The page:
Friday, August 6, 2010

Selfish adrenaline

Boys and girls are different. It's an inescapable biological fact. How on earth the massive social experiment of the '70's attempting to prove exactly the opposite got underway is beyond me, but I digress....

One of the many facets of gender includes fundamental differences in aversion/attraction to risk, and subsequent "adrenaline addiction" (no prizes for guessing of whom I speak). If motion and possible danger are on offer, boys will jostle for their turn.

Joseph Kittinger (wiki page) was in all likelihood an adrenaline junkie. He flew some of the earliest jet fighters in service, took part in the pre-rocket high altitude flight program, once lost consciousness nearly 15 miles above the Earth's surface and survived a fall involving g-forces 22 times that of normal gravity (a record), was the first to cross the Atlantic ocean in a balloon, and for good measure, was shot down over Vietnam. But 50 years ago this month on Aug 16th 1960, for sheer unadulterated adrenaline of historical proportions, Joe did this:

This image captures the moment when Joe jumped out of the gondola of a helium balloon on the very edge of space, more than 100,000 feet above the Earth. Cruising altitude for commercial flights is 30,000 ft. Yes, I said jumped. His free-fall was the longest in history, and he still retains the record for the fastest human in the atmosphere, at 614 mph.

Now, take a look at this clip featuring nine other certified adrenaline junkies.

Seriously cool stuff.

But, then again, how do you view it when you ask yourself the following question: What's the point dude? 

We live in an era that glorifies adrenaline addiction for the drug high that it delivers. Unfortunately, many of these feats are entirely self-serving, and don't actually accomplish anything.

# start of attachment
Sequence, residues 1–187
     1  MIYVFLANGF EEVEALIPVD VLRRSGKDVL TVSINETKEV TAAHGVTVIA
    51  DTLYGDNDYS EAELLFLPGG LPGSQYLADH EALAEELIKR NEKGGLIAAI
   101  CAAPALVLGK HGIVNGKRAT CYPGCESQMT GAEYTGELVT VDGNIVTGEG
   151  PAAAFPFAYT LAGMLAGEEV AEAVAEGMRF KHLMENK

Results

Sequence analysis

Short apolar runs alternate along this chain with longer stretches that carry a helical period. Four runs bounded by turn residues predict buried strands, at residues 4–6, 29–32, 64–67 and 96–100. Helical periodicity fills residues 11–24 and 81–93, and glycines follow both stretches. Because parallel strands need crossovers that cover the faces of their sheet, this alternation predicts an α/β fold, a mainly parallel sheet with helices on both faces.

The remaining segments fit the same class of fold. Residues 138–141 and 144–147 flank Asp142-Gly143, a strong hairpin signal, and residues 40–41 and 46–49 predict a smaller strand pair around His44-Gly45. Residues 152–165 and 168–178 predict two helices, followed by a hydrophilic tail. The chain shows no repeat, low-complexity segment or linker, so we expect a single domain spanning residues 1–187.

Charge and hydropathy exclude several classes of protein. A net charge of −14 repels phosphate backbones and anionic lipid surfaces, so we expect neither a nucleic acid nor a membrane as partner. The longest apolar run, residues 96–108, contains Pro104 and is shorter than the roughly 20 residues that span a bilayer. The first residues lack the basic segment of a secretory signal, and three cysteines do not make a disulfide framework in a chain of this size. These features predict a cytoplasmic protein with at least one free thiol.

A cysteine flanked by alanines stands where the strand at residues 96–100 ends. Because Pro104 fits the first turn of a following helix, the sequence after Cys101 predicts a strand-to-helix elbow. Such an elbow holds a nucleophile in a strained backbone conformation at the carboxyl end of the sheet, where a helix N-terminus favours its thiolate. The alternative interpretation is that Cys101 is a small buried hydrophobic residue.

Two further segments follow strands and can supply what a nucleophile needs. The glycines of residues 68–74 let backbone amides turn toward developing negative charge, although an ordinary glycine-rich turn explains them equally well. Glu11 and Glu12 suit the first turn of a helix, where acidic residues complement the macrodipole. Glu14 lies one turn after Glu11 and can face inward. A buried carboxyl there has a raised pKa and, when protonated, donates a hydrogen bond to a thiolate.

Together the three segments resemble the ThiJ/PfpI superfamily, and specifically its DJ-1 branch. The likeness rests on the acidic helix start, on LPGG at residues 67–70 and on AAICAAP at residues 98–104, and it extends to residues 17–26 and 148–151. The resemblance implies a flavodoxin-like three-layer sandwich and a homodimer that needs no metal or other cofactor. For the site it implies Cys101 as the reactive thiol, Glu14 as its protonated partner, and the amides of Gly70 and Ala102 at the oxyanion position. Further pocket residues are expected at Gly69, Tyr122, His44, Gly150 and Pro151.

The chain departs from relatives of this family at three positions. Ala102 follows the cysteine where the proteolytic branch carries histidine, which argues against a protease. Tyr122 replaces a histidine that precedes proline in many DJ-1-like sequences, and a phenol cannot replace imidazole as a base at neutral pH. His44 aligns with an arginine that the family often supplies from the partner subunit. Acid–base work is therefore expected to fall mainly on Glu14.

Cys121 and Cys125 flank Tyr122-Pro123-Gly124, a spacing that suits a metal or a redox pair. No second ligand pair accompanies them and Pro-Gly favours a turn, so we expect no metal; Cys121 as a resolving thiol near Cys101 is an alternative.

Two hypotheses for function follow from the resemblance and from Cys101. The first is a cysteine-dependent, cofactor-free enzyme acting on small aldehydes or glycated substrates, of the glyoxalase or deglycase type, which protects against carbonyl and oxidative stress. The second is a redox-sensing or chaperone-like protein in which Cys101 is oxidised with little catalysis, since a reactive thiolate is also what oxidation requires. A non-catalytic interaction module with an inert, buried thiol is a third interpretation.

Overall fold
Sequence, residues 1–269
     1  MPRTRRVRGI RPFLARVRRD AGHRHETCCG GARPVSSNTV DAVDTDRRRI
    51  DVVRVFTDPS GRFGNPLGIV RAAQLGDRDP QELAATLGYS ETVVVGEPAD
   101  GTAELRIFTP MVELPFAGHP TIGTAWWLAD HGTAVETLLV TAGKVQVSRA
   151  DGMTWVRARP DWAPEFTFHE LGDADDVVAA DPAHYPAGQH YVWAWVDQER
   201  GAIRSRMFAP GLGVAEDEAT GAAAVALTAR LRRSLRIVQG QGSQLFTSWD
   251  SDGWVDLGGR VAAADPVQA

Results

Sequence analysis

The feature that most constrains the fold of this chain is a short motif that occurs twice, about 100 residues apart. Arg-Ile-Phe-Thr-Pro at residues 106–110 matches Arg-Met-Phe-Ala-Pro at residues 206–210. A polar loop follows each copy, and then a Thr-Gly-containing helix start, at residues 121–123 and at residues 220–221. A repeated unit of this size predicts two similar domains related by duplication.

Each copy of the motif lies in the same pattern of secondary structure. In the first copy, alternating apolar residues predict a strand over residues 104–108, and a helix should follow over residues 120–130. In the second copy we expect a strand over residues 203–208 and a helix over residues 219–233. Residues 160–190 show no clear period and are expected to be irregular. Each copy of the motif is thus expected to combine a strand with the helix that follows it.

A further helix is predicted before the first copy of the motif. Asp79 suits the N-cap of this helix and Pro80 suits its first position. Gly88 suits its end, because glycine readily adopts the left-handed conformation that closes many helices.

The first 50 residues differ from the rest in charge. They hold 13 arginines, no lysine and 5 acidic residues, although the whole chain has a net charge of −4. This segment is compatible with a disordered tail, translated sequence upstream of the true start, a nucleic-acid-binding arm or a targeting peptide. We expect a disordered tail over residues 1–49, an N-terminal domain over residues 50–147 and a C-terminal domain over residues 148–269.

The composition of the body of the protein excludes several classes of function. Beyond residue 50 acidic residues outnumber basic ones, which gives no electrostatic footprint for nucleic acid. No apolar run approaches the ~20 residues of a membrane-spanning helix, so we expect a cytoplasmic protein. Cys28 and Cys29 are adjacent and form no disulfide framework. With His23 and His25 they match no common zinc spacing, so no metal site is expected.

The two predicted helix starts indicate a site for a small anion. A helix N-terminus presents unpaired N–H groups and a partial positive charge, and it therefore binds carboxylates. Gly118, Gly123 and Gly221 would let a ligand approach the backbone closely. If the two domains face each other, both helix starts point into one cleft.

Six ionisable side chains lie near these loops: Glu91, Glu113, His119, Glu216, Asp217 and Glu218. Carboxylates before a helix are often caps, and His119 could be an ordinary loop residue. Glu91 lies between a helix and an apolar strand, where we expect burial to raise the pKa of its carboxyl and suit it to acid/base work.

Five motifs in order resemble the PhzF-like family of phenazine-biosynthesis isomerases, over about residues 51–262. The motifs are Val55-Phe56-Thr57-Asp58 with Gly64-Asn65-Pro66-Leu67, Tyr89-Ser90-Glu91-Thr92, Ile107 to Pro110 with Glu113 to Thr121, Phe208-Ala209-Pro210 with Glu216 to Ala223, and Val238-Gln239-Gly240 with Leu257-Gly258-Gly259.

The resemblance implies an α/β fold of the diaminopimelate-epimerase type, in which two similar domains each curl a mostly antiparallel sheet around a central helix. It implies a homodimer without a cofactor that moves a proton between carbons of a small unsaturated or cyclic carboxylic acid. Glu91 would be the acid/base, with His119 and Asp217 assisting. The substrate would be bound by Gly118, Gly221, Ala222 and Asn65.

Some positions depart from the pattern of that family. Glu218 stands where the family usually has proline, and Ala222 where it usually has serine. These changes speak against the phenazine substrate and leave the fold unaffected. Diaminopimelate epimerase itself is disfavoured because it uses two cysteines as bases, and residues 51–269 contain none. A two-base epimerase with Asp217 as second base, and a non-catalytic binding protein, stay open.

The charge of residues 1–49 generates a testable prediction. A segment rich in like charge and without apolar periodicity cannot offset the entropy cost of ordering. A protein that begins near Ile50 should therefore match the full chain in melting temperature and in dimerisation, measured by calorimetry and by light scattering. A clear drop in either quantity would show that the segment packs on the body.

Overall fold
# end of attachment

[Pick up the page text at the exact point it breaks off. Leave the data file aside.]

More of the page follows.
Historically, boyhood risk-taking morphed into courageous manhood. And that, think about it, was fundamental to society: crossing the equator, mapping new continents, answering the call to arms, blazing the pioneer trails, descending into the oceans trenches, blasting off the launchpad.....

Adrenaline addiction can be a birthright of many boys. If you are raising a danger-magnet, it's your job to guide and shape their need diligently. The objective should be to not to direct them into danger (or even worse: try to tame them), but to make them dangerous. Not to themselves or society, but to a bigger problem that only their breed will tackle. Don't be the dad that just settles for putting them in sports. While a small fraction of those boys will reach the big leagues of endorsement plastered fame, many will be left purposeless once the glory days are gone.

Joe Kittinger was the first human to see the whole curvature of Earth from space. Your son could be the first firefighter into the burning house where kids are missing, the point man on the SWAT team that ends the hostage situation, the first to rappel over the cliff edge to the fallen climber, the helicopter crewman winching flooded evacuees off their rooftop while the hurricane still rages, or the first doctor into the earthquake zone. Do not stand by and watch passively as your boy excels at dangerous purposelessness.

Dad U


  1. What are your thoughts on the Dangerous books for boys/ girls? I agree there are definite biobased differences, but I think that the interest in different activities is partly social and reinforced by genderized books.

  2. My boys lap it up, but I haven't had time to time to read it myself. Of course there is a huge range in "attraction to thrill" (more like a bell curve, where boys curve is just further out on the scale). My post was to comment on directing a hard-wired thrill seeker toward a purpose, as opposed to todays version of highlight reel meaninglessness.